A long time ago, Old Woman of the River got very tired. She was tired of always rushing her children down the river, all the fish and all the silt, tree branches and pieces of gold. She decided to stop. Her water froze, the froth of the rapids became little white stars hanging in the air, sun sparks stopped twinkling, and there was only quiet in the forest. The birds stopped flying because they thought the sound of the pounding river was what held their wings in the air. Bear sat heavily on the ground confused. All the weeds and bushes leaned over straining to listen for the mother’s voice. Never had such silence fell upon the forest. Old Woman of the River fell asleep in the quiet day. One by one the fish vanished. Each spark held by the air and water snapped out. Bear’s body slowly dissolved into sunlight. Birds put their heads under their wings because even the sun began to dim. Hanla’chu sat on her hill and watched the world disappearing. She cupped her hands and made a huge cry over the land. “Wake up, Old Woman of the River!” A startled woodpecker cried out, flew from her tree, and vanished. Hanla’chu saw this happen. She stomped on the ground and caused an earthquake. The mountains rumbled. Panther, who still prowled the forest, growled. “Wake up, Old Woman of the River!” Hanla-chu yelled. Old Woman kept sleeping, but she turned over and the water of the river rolled with her. One by one the stars where beginning to shine in the sky. Night was coming forever. A wind rushed over the sleeping body of Old Woman. “Wake up, Old Woman of the River!” Hanla-chu yelled. Hanla-chu took in a deep breath of dark night. She filled her lungs and blew it out with as much force as she could. Deep in her dreams, Old Woman felt cold and began to shiver. One eye opened and she saw it was night. She called for the birds to make the morning but there were no birds to hear her. Old Woman slowly rose and saw what her sleeping had done. “But I was so tired,” she said, and waved her hand. The river began to move again, but there were no fish or pieces of gold or life of any sort within its banks. Panther let out a loud angry growl for he saw that the Earth was dying, and he knew that he too must die. Hanla’chu also cried and her body began to break apart. It became fish and bird and the sparkle of the sun on water. Her head began to burn and slowly lifted to the sky. Her skin became plants and deer and from her breasts all the birds of the forest were reborn. Old Woman of the River thanked Hanla-chu. She flowed on and on forever after this. And no matter how tired she gets, she keeps flowing to the ocean.

FREE ON AMAZON KINDLE SELECT AUGUST 1-5, 2015  HERON’S PATH

Heron’s Path, Day 3, Free August 1st-5th, Amazon Kindle Select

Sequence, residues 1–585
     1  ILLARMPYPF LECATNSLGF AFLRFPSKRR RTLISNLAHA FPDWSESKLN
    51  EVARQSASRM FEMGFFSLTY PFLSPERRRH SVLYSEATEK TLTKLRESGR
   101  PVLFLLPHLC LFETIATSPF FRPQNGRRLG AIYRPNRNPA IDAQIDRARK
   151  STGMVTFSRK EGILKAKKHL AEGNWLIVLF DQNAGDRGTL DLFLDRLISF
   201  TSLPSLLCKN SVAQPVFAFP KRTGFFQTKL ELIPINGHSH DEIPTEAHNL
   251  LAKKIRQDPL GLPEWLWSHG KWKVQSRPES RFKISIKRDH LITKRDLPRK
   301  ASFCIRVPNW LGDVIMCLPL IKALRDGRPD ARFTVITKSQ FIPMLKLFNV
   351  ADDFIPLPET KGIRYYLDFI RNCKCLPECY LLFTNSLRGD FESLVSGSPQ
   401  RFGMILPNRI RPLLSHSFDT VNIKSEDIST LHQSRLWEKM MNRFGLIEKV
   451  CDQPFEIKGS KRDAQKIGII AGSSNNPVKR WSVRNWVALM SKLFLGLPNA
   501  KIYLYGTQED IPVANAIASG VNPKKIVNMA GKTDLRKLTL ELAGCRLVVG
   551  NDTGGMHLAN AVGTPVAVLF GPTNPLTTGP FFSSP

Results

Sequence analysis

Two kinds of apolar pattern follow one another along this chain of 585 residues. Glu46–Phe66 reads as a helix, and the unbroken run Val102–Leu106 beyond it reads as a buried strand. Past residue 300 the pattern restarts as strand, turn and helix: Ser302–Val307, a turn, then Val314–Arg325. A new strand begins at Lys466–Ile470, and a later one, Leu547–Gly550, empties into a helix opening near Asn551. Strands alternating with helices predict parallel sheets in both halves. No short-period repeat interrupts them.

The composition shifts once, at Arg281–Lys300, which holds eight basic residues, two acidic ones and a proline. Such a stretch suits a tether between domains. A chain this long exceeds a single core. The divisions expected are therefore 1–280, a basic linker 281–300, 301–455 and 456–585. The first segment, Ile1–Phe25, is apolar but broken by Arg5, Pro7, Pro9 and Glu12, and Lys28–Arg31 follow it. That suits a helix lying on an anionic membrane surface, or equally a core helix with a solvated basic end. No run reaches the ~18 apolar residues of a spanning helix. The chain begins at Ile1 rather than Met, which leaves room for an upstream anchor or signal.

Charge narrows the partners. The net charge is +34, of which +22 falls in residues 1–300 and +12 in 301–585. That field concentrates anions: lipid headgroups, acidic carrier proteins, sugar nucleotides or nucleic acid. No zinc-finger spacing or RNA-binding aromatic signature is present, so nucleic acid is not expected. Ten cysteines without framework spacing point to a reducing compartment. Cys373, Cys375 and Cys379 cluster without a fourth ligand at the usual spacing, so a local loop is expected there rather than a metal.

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HERON’S PATH is the kind of fiction entire generations once grew up on when young people simply read wonderful, immortal literature that spoke to their hearts, and it wasn’t labeled YA, MG or adult. HERON’S PATH is for the soul in us all–regardless of age–that needs to be reminded regularly that the universe is full of mystery, meaning, courage and love. –Bruce McAllister, The Village Sang to the Sea, A Memoir of Magic One of the questions I am often asked about Heron’s Path is how the Nanchuti, the indigenous tribal group I created for the novel, evolved. As I mentioned in my last post, a trip to the Klamath River while I read In the Land of the Grasshopper Song hit me at such a sensory level that it compelled me to write. My husband Bill and I camped on a sandy bank of the Klamath in one of those weeks in July where the temperatures hovered around 100 degrees. I remember listening to the river, feeling the consciousness of the forest around us, and felt so removed from the modern world. This experience is about as visionary as I get, and I had to make something out of how the river was affecting my body, imagination, and emotions. I naïvely went about reading about the Karuk tribe. I purchased a couple of books I don’t remember now and read as much as I could find by Alfred Kroeber on the Karuk and Yurok ethnic groups. So, a few years passed, and I finally finished a draft of the novel that I thought worth sharing. (For such a short book, it took almost two decades to write, tucking it away for years in between until I worked out various problems. I learned to write with the novel, and I needed a long apprenticeship.) I contacted a professor at Humboldt State, whose name I apologize for not remembering (this was in the 90s!). She was Yurok and invited me to her house to discuss the novel where she very kindly let me know I had no business writing about her culture, telling me that I really could not understand it. So, another year or two passed with fretting about what to do. I wrestled with the idea of creating my own people, how could I meld it with the historical aspects that I did want to portray? Would an alternative California work? The elements I did keep from my original manuscript were the ideas of the doctors, medicine people, and sacred dancing that, to the best of my understanding, the Karuk did to create balance with nature. Again, apologies if this is not correct. I confess I stole the idea of the Baby Growl straight from In the Land of the Grasshopper Song. Last spring I read from Heron’s Path on a public radio station. The only response I got was from an angry woman (who said she was not Native American) upset that I would dare to write about Native Americans. I had already hung up and couldn’t respond that the point of my creating a mythic tribe was because I did not want to do any washee (Nanchuti for “white people”) misguided writing about aspects of a culture I do not belong to. All I can say is that I fell in love with the stories and information I read about the Yurok, and though their culture is the seed from which the Nanchuti grew, they are MY creation. One last thought: Kroeber’s daughter, Ursula Le Guin, was a very strong influence on me as a young writer. I devoured her work long before I ever heard of her famous parents. Her mother, Theodora Kroeber wrote Ishi: the Last of His Tribe, which chronicled the life of the last member of the Yahi tribe. So, a large part of the spirit of Heron’s Path is in debt to her, especially the book Always Coming Home. It gave me the courage to create a language for the tribe, a process that I really enjoyed.